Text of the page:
Top 5 most unusual Australian occupations

Family History
5 April 2016
by Ancestry

When the First Fleet landed in 1788, the convicts were skilled in more than 80 different trades and occupations. Some of these trades were useful in starting a colony from the ground up, others not so much. Some occupations stayed in existence, but many are no longer in use. Here are 5 of the more unusually named occupations that have been practiced in Australia.

1. The ‘knocker-upper’

What did people do before iPhone alarms to wake them up in the morning? They employed a ‘knocker-upper’. The knocker-upper was paid to wake people. They would use a truncheon to tap on the door or, if on an upper floor, a peashooter to send these little missiles to tap on the windows. The activities were repeated until the person was up for work… there was no snooze button!

2. The ‘tweenie’

Employed as a ‘tweenie’? Then you’re a maid who works ‘between stairs’ to help the older housemaids and cooks in their duties. And on the subject of domestic servants, you really didn’t want to be a ‘vassal’ – they were the lowest ranked servant in the house.

3. The ‘battledore maker’

Often the word to describe the occupation gives no clue at all to its meaning. Take for instance a ‘battledore maker’. This job had nothing to do with battles, or doors, but was the art of making beaters, usually from cane or reed, to remove dust from cloths or floor mats. It appears to have been a seasonal job undertaken around the time of a spring clean.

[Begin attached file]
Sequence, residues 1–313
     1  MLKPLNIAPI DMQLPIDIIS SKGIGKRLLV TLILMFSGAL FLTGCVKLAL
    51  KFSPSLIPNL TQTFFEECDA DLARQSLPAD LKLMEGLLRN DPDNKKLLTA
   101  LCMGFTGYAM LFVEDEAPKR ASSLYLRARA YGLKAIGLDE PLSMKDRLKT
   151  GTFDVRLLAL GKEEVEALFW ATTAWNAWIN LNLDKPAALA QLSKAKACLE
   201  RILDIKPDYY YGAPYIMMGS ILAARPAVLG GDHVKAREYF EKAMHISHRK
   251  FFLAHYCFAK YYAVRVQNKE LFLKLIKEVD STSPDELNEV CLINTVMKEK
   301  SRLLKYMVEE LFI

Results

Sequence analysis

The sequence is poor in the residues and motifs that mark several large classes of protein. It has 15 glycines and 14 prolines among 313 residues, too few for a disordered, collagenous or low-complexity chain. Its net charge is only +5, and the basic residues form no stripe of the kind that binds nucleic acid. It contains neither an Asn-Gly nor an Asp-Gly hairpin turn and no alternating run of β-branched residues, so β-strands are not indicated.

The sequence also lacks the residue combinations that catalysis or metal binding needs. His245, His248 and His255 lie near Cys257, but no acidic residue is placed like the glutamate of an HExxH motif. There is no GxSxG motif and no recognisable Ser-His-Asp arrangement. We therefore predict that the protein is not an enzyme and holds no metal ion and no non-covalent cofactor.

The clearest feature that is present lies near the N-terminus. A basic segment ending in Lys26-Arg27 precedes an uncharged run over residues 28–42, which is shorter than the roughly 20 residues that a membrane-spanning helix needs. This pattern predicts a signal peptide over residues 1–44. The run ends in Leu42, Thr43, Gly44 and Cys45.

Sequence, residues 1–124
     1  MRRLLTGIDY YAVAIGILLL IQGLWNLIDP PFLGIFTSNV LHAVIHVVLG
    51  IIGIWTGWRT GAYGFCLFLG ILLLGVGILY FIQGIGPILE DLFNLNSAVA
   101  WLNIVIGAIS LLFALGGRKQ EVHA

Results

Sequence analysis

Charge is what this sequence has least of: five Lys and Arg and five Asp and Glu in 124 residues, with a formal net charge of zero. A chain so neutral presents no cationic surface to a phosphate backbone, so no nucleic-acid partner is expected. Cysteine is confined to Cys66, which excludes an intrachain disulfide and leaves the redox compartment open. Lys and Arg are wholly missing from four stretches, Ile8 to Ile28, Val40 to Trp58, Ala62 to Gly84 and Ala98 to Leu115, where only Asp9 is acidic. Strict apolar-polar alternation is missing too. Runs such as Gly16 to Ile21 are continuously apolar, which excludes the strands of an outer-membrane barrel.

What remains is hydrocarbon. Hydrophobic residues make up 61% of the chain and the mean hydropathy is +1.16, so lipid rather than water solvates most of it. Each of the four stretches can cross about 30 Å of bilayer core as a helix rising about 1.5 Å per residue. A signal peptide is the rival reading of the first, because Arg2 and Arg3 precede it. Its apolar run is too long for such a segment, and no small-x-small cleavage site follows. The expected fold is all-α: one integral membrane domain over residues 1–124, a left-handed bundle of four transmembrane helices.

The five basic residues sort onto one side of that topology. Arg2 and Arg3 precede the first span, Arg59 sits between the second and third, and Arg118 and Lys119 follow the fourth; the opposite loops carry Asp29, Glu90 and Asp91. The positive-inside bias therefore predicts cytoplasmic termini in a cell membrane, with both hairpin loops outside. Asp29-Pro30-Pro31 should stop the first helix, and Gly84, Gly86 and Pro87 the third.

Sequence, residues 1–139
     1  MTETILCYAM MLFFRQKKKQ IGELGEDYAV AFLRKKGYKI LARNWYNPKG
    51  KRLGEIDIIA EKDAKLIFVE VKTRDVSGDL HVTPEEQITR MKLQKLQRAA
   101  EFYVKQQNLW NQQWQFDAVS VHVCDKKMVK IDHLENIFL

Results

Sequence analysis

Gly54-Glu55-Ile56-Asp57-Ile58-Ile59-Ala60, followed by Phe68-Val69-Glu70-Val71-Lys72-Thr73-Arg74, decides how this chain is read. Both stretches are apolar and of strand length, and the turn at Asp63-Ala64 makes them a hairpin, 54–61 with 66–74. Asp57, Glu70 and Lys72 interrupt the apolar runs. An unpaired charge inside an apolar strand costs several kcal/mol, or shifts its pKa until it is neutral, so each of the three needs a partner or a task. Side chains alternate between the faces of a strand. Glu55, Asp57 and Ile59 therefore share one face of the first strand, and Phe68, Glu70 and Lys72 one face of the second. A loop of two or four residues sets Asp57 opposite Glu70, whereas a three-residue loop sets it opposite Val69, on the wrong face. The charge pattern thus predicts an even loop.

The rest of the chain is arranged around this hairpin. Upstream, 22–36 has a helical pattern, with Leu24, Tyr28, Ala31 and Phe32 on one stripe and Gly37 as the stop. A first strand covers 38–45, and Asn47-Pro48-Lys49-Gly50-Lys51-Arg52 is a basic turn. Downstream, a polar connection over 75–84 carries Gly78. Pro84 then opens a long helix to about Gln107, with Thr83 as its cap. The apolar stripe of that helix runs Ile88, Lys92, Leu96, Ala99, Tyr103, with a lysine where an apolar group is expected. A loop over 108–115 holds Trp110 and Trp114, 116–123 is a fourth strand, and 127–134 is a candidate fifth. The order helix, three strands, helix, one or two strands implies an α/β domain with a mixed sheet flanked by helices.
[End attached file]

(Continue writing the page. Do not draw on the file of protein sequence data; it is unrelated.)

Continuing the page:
4. The ‘scourger’

In the 1822 muster, which is available on Ancestry.com.au, there were five ‘scourgers’ working in the colony. Their role? To wield the whips over any misbehaving colonist sentenced to receive the lash. There was one for each district in New South Wales at the time: John Roach worked in Sydney, William Reynolds at Windsor, William Yates at Liverpool, James Walton at Parramatta and William Edwards at Argyleshire.

5. The ‘pettifogger’

The origin of some surnames harks back to our ancestors’ occupations. Ones such as ‘Taylor’ (a spelling variation of the occupation of tailor), and Cartwright (a maker of carts) are fairly simple and self-explanatory. But you may not be so happy to have the surname ‘Pettifogger’ – it meant you worked as a dodgy or shyster lawyer.

By Cassie Mercer compiled with the assistance of Michael Flynn, Carol Baxter and Gay Hendriksen.

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